The amended regulations specify that employers may collect signed CORI acknowledgement forms electronically, including as part of an electronic job application process. Rather than personally inspecting the subject’s identity documentation, an employer may obtain electronically from the subject a notarized acknowledgement form.
  3. CORI CAN NOW BE RETAINED IN CLOUD STORAGE

    The original regulations prohibited employers from storage of CORI in the cloud: only hard copy and non-cloud electronic storage were permitted. The regulations stated that hard copies of CORI must be stored in a separate locked and secure location, which can be accessed only by employees approved by the employer for CORI access. As to electronic storage of CORI, the regulations require password protection and encryption, with password access limited only to CORI-access approved employees.

    The amended regulations now additionally permit cloud storage of CORI. However:
    • The cloud storage method must provide for encryption and password protection of all CORI
    • The employer must have a written agreement with the cloud storage provider, which includes the minimum security requirements published by the DCJIS concerning cloud storage. The cloud vendor agreement must be provided to the DCJIS for their inspection upon request.
  4. EMPLOYERS MUST KEEP A “NEED TO KNOW” LIST OF STAFF WHO ARE AUTHORIZED TO ACCESS CORI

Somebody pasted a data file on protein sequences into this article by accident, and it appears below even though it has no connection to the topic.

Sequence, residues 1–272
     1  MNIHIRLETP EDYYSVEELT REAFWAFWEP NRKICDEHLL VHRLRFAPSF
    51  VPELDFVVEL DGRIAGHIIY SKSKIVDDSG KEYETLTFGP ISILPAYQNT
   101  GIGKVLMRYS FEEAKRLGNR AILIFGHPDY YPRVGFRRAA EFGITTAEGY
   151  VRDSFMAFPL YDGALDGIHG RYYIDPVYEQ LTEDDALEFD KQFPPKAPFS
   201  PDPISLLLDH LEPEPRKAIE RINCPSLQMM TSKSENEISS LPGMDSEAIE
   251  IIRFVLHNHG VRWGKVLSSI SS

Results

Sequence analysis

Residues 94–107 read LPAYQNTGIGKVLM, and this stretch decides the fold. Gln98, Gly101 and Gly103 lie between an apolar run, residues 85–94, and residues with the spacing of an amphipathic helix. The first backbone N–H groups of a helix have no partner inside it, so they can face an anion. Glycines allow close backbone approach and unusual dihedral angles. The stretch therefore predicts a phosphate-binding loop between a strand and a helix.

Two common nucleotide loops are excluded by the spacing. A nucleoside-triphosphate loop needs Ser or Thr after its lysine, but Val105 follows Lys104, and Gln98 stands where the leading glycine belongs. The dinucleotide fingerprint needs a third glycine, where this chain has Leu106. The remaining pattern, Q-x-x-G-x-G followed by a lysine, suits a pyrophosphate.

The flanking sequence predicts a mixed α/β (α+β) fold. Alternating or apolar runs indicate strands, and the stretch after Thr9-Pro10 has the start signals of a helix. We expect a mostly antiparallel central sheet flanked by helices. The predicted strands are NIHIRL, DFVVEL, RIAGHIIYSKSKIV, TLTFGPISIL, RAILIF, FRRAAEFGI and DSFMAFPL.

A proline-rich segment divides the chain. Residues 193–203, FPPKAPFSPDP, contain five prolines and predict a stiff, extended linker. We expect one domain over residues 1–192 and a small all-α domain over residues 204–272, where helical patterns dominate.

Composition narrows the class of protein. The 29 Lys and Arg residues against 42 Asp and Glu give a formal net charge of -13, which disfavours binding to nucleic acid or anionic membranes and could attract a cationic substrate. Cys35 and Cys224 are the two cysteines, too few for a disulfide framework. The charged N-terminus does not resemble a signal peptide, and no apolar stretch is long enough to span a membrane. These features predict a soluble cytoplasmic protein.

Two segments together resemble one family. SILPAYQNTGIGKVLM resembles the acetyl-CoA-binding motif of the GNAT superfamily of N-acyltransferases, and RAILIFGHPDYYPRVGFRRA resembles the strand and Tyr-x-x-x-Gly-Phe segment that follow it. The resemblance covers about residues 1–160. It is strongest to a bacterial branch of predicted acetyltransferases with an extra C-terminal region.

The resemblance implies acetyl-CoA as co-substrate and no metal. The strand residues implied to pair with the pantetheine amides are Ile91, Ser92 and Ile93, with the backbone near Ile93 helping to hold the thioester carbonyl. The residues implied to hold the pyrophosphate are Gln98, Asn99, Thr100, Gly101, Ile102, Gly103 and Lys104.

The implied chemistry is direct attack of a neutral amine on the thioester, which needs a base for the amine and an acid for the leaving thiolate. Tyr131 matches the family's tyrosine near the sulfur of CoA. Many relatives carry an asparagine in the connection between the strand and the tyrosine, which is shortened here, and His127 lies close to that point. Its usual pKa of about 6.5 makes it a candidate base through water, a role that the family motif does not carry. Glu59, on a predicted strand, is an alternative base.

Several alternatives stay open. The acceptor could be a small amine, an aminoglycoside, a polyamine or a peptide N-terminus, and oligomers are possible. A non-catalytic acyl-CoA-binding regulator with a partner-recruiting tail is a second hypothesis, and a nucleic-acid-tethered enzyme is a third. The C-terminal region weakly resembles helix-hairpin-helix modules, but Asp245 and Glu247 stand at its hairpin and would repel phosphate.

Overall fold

Employers must now keep a “Need to Know” list of staff who have been authorized to request, receive or review CORI. This list must be updated periodically, at least every six months. Upon request, the list must be made available to the DCJIS, or to a CORI subject, or to the subject’s advocate.
  5. AMENDMENT TO NOTIFICATION REQUIREMENTS BEFORE AN ADVERSE ACTION CAN BE TAKEN BASED ON CORI, OR CRIMINAL RECORD INFORMATION FROM ANOTHER SOURCE

    The original regulations required that employers provide certain information and documentation before deciding not to hire, or taking other types of adverse actions, based on the subject’s CORI, or other criminal record information obtained from any other source. For example, the employer must notify the subject of the potential adverse action, provide a copy of the CORI or other criminal record information, identify the source of information obtained from a source other than the state CORI system, and provide a copy of the employer’s CORI Policy. The amended regulations clarify that employers must identify the specific information that is the basis for the potential adverse action, not only in the subject’s CORI report, but also if the criminal record information comes from another source.
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Private employers will need to incorporate the new regulatory requirements into their criminal record check procedures. In addition, they may need to update their written criminal record check policies to the extent that their current policy wording is inconsistent with the new requirements.







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Contact Info

Attorney Leslie Lockard
The Law Office of Leslie Lockard, P.C.
P.O. Box 537
Walpole, MA 02081
Tel. 508 850-9800
FAX 508 850-9801
Email: Llockard@leslielockard.com
Website: www.LeslieLockard.com